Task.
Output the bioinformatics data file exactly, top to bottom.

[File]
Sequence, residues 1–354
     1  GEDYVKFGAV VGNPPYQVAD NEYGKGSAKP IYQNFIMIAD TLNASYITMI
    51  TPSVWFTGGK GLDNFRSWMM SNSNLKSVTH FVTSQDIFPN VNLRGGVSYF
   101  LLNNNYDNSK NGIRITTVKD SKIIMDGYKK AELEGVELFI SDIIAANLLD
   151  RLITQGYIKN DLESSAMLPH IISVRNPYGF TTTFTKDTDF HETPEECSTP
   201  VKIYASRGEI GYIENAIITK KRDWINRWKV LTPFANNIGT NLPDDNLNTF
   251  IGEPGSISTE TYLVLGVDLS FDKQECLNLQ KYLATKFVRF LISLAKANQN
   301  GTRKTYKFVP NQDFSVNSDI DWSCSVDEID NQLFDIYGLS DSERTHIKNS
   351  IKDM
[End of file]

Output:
Sequence, residues 1–354
     1  GEDYVKFGAV VGNPPYQVAD NEYGKGSAKP IYQNFIMIAD TLNASYITMI
    51  TPSVWFTGGK GLDNFRSWMM SNSNLKSVTH FVTSQDIFPN VNLRGGVSYF
   101  LLNNNYDNSK NGIRITTVKD SKIIMDGYKK AELEGVELFI SDIIAANLLD
   151  RLITQGYIKN DLESSAMLPH IISVRNPYGF TTTFTKDTDF HETPEECSTP
   201  VKIYASRGEI GYIENAIITK KRDWINRWKV LTPFANNIGT NLPDDNLNTF
   251  IGEPGSISTE TYLVLGVDLS FDKQECLNLQ KYLATKFVRF LISLAKANQN
   301  GTRKTYKFVP NQDFSVNSDI DWSCSVDEID NQLFDIYGLS DSERTHIKNS
   351  IKDM